During our Yale-NUS College Astrophysics tea series, we had a chance to visit the NUS satellite lab. In this lab, students and faculty from NUS, led by Dr. Cher Hiang Goh, have been building a nano-sat called Gallissia, which contains two experiments – one to measure the electron density above Singapore, and another from the Quantum Physics group to measure entangled photons in space.Victor Loke and Eugene Han gave us a wonderful tour of the lab, explained how the nanosat concept worked, the architecture for their particular satellite. They showed us the clean room, and the way that they assemble the bus and other parts for the satellite – even giving us a chance to pass around some of the components of the satellite. The stabilization is done through a hysteresis electronic drive, where the Lorentz force upon a pair of parallel wires can be used to point the satellite in different directions and keep it oriented correctly. The propagation of a radio wave from the satellites 500 km orbit altitude will be delayed slightly by electrons in the ionosphere, and the phase shift from these electrons can be used to calculate electron density which will make GPS devices more accurate. Our students really enjoyed the tour, and we saw the Kent Ridge microsat that NUS is also building – some of Singapore’s first ever space missions!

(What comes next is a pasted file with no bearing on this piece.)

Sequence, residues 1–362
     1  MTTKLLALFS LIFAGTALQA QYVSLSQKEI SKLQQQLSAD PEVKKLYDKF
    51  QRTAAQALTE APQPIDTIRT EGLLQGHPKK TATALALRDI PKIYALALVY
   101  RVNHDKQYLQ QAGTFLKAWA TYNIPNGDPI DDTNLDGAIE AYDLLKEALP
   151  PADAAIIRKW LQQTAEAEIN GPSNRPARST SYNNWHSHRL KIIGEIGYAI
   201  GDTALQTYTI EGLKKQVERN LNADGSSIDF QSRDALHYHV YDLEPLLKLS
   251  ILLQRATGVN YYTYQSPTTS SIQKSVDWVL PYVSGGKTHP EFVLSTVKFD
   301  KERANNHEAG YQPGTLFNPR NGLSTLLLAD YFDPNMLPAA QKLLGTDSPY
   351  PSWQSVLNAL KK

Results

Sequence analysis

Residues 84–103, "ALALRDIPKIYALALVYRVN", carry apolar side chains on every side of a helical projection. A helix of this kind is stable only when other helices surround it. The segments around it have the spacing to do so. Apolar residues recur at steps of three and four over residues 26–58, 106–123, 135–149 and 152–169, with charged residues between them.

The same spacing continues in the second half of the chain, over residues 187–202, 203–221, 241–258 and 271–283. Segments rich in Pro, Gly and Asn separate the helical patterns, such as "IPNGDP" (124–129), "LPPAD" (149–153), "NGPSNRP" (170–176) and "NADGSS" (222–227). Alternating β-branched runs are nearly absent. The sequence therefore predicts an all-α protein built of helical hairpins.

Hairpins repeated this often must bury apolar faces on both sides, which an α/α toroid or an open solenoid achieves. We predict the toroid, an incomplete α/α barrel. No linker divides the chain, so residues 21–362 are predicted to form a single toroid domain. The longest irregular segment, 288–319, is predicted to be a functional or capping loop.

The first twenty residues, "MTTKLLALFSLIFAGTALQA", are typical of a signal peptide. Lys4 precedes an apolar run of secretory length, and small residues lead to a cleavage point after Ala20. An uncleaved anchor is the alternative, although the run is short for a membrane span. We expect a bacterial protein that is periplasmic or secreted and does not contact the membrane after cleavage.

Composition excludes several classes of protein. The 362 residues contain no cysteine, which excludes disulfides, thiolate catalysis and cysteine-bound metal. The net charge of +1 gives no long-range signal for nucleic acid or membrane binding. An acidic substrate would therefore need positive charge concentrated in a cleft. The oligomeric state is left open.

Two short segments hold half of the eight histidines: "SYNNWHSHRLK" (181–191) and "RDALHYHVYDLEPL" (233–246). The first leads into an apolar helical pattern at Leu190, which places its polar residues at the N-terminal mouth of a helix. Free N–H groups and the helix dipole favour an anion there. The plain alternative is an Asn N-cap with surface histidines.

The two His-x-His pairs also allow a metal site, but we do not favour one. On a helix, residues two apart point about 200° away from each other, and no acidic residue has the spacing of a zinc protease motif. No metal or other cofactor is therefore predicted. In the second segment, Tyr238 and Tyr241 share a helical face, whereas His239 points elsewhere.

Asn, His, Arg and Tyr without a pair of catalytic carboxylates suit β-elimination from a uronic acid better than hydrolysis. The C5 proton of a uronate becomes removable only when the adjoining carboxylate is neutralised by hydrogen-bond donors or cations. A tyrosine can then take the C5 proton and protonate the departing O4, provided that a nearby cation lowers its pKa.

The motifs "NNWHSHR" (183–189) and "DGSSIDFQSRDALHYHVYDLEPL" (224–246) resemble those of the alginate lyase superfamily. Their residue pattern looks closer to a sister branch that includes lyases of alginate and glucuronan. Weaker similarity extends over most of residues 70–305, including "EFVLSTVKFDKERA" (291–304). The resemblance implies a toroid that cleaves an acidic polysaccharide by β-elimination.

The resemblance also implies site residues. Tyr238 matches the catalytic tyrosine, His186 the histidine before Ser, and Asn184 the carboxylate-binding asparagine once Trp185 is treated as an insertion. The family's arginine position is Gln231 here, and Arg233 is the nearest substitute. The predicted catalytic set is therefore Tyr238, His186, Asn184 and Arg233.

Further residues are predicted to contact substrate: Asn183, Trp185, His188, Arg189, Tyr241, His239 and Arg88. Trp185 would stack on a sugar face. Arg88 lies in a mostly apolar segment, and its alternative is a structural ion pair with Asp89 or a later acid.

Dr. Goh also explained how important this sort of experience is for students, who have a chance to help test, assemble and even launch the spacecraft! He mentioned that our Yale-NUS liberal arts students are particularly helpful for space science, as a mission depends both on its technical excellence, and an awareness of the other economic, social and political factors around the use of a spacecraft, as well as on marketing and human factors – all elements covered within the liberal arts!